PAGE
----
The Ideal Serving Temperatures For Every Wine

Even those with only a beginner's worth of knowledge about wine know that it can be quite temperamental — you know, a little diva-ish.

Aside from the great many processes that must be accounted for and managed on the vineyard in order to make great wine, once in the bottle, there is no shortage of needs that must be tended to to ensure it maintains its quality. Store this type of wine in that kind of environment, and that type of wine in a place set to these specifications. Oh, and make sure the bottle is placed on its side, not standing upright. It's a lot to keep track of, but it's not for nothing.   

Equally as important as the conditions in which a wine is stored is the temperature of the drink when it is served. Most red wines, for example, are best enjoyed at about 62 to 65 degrees Fahrenheit, what many would consider to be on the cooler end of room temperature. Stray from that zone too far in either direction and you'll find yourself in a bit of a Goldilocks situation — when it's too warm, the alcohol in red wine can be overly accentuated; too cold and the wine risks tasting too tannic and acidic. 

Think you've got your bases covered because you know that white wine is best served chilled? Not so fast. If the wine is too cold, its flavor and characteristics will be dulled — especially if it's a higher quality white.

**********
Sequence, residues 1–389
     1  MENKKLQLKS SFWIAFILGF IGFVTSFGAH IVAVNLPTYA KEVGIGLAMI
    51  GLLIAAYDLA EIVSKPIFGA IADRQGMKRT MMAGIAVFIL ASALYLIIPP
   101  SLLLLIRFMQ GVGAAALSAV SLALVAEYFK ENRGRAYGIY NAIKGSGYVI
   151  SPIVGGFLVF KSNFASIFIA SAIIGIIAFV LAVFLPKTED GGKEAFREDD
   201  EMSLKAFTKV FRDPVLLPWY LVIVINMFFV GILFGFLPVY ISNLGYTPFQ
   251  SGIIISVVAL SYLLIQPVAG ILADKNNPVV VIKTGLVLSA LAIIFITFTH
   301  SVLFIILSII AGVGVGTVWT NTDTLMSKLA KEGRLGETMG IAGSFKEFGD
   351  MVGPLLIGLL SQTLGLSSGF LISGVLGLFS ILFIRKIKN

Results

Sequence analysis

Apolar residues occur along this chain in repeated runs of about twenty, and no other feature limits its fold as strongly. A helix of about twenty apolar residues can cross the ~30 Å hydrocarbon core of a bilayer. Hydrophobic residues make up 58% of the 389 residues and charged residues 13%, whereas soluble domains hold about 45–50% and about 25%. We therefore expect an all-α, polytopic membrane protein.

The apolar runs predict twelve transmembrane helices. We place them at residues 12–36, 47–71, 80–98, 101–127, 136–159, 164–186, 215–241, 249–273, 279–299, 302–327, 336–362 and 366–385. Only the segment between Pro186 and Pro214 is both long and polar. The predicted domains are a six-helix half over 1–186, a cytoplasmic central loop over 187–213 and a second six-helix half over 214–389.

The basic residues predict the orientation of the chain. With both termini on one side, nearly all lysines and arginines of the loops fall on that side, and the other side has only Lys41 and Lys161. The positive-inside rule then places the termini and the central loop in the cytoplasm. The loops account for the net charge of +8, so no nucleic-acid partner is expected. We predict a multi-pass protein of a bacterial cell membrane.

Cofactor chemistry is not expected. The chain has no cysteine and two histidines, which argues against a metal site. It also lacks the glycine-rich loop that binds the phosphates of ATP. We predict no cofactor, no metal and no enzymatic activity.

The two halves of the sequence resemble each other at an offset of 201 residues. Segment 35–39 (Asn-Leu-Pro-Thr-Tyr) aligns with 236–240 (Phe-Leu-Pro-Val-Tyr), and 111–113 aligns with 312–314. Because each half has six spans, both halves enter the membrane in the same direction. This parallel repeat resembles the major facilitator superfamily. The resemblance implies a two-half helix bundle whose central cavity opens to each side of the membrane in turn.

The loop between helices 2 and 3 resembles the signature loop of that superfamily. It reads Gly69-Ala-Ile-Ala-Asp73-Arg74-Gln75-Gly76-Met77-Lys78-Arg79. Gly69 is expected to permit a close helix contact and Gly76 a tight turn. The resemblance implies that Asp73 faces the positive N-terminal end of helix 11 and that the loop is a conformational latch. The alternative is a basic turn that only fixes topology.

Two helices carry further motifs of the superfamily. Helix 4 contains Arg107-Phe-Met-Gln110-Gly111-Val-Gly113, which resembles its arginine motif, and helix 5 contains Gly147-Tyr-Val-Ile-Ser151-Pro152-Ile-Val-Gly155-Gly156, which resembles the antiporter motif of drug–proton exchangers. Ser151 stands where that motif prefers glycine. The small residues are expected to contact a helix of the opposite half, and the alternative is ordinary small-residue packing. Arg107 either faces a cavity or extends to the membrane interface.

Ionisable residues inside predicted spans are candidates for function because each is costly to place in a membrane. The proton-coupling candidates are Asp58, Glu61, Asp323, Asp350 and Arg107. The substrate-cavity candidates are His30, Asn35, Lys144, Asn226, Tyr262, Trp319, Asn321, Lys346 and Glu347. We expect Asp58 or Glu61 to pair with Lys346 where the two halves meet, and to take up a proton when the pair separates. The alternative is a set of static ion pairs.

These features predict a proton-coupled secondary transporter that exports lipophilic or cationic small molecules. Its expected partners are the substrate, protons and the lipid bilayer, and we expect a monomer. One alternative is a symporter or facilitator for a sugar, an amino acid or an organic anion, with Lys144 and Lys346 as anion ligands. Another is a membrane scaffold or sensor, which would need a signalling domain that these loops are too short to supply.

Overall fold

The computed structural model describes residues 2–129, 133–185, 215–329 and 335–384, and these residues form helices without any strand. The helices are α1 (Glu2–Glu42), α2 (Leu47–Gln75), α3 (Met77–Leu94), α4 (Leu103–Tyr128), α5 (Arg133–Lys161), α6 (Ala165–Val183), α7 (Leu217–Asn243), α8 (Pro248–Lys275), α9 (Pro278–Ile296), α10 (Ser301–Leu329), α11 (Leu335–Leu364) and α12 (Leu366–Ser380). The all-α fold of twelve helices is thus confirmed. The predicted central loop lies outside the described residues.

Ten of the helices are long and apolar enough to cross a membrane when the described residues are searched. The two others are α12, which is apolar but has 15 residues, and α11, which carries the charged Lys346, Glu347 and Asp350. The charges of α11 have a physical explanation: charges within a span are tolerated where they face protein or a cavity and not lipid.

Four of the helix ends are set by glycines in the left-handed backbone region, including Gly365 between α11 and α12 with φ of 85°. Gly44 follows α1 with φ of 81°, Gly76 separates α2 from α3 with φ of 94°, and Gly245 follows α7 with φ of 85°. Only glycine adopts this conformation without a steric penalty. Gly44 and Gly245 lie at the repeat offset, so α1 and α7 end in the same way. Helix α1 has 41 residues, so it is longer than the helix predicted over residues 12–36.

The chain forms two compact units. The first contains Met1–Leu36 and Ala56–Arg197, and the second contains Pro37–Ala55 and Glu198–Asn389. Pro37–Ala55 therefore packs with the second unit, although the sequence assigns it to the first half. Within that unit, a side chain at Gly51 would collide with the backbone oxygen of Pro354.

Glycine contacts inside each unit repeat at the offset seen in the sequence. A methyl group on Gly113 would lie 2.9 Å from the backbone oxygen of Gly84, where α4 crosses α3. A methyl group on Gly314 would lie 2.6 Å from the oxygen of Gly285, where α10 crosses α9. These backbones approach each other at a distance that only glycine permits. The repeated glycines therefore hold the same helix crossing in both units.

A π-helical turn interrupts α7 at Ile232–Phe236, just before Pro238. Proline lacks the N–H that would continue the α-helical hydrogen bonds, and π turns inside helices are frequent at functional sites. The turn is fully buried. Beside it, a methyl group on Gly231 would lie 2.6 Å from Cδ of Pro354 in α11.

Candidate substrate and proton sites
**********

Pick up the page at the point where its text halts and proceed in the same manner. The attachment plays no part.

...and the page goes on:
Of course opinions will vary when it comes to a subject like this, but for those looking for general guidelines, the following information should come in handy. You can invest in a digital or regular wine thermometer to help give you a more precise reading, but it's worth it to practice feeling the bottle so that eventually you're able to instinctively gauge if the temperature is correct.

Click for the Ideal Serving Temperatures for Every Wine Slideshow.

Wine Serving Temperature Cheat Sheet

Sparkling wine: Around 45 degrees Fahrenheit for most, but aged vintages should be about 50 to 52 degrees.

Rosés and blush wines: Between 50 and 55 degrees Fahrenheit.

Simple, inexpensive whites: Between 48 and 53 degrees Fahrenheit.

Good bottle of aged white wine: Better quality whites don't need to be served quite as cold, between 58 and 62 degrees.

Light red wines: Fruitier, lighter-bodied reds like Beaujolais should be served between 57 and 60 degrees.

Most red wines: Between 62 and 65 degrees; some better quality, big reds can be served up to 68 degrees but never go over 70.

Dessert wines: Between 45 and 50 degrees, but a good Sauternes should be served slightly warmer, about 58 degrees.

Fortified wines: Some fortified wines like Port and most Sherries should be served between 62 and 65 degrees, but a fino Sherry should be served at about 55 degrees.


For a cool visual aid, check out Snooth's Infographic.